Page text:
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Get Off The Fence - Canterbury Tales

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Laura Kirshner

on 22 November 2013

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Transcript of Get Off The Fence - Canterbury Tales

Get Off The Fence

Canterbury Tales

Wife of Bath
Through the Wife of Bath’s Prologue and Tale, Chaucer presents women as the
object of satire
, portraying them as lustful, dishonest, unreasonable, & shallow gold-diggers.
Chaucer presents women as an
instrument of satire
, using them to challenge these stereotypes and question the oppression and double standards that women faced during this time (the ideal woman should be virginal and submissive, while a man could have paramours or multiple wives without judgment).
Alison - "The Miller's Tale"
Alison in the “Miller’s Tale” goes unpunished because it is her husband and society's fault that she lives an unfulfilled life. Plus, if men can have affairs, why can’t women? It’s actually more Nicholas’s fault for pursuing a married woman in the first place. Alison is an instrument of satire and Chaucer sympathizes with her.
Agree or Disagree.
Blurred Lines
More than 20 British universities have banned "Blurred Lines", forbidding the playing of the song at school functions, arguing that the song and the video are utterly degrading to women and appear to glorify rape and violent sex.
However, Thicke has defended the song saying that the lyrics such as, "That man is not your maker" are a feminist movement and that the song is a playful one about his high school sweetheart wife of 20 years.

Miley -Slut / Robin - Stud
Dear Society,
If you think a woman in a tan vinyl bra and underwear, grabbing her crotch and grinding up on a dance partner is raunchy, trashy, and offensive but you don’t think her dance partner is raunchy, trashy, or offensive as he sings a song about “blurred” lines of consent and propagating rape culture, then you may want to reevaluate your acceptance of double standards and your belief in stereotypes about how men vs. women “should” and are “allowed” to behave.

Dr. Jill

How'd You Do?
Please complete the self-assessment questions and respond to the question that the author poses at the end of her article.
Thanks for sharing your thoughts today!
You know that movie starring Mel Gibson and Helen Hunt called
What Women Want
? Before it was written, the screenwriters probably thought it was a new concept: "Hey, let's make a movie in which a guy is able to read women's minds so he can figure out exactly what women want! Wouldn't that be funny? Wouldn't it be revealing?" The thing is, a guy named Chaucer already wrote a poem about six hundred years ago that does exactly that: the Wife of Bath's Prologue & Tale gets inside the head of a woman who's totally sure about what she wants, and how to get it.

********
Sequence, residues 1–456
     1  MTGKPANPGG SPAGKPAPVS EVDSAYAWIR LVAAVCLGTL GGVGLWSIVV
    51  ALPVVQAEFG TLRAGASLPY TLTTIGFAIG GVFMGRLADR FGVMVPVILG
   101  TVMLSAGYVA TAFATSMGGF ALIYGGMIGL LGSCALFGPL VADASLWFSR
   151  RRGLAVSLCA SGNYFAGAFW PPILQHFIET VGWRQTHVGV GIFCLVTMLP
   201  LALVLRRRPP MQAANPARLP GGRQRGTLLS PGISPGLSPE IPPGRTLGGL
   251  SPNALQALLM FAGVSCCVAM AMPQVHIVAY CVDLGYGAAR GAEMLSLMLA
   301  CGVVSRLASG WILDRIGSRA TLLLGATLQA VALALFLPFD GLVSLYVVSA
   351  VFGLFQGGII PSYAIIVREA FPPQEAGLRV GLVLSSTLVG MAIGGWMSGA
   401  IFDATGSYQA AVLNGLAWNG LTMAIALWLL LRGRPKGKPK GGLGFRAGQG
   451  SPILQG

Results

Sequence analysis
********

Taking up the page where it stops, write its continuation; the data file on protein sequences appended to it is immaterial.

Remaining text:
The questions is, though, what is Chaucer's view on women's desires and behavior?
In the show
, Saul was so focused on his job that he never spent time with or paid attention to his wife. After he returns home early from a business trip, he finds his wife having dinner with another man. Though he's upset, he comes to realize that he has neglected her and ends up saying, "Forgive me. I'd forgotten how beautiful you are."

Do you sympathize with and forgive the woman in this instance like Saul chooses to? Is he to blame for her infidelity?
It's more than 600 years after Chaucer wrote the
Canterbury Tales
, and it seems that we haven't made any progress as far as double standards go.
Why is Miley a slut (as many women & men have contended) and Robin a stud?
And unperceived he caught her by the puss,
Saying: "Indeed, unless I have my will,
For secret love of you, sweetheart, I'll spill."
And held her hard about the hips, and how!
And said: "O darling, love me, love me now,
Or I shall die, and pray you God may save!"
And she leaped as a colt does in the trave,
And with her head she twisted fast away,
And said: "I will not kiss you, by my fay!
Why, let go," cried she, "let go, Nicholas!
Or I will call for help and cry 'alas!'
Do take your hands away, for courtesy!"
What do you think? Does Robin Thicke's song celebrate or objectify women?
Full transcript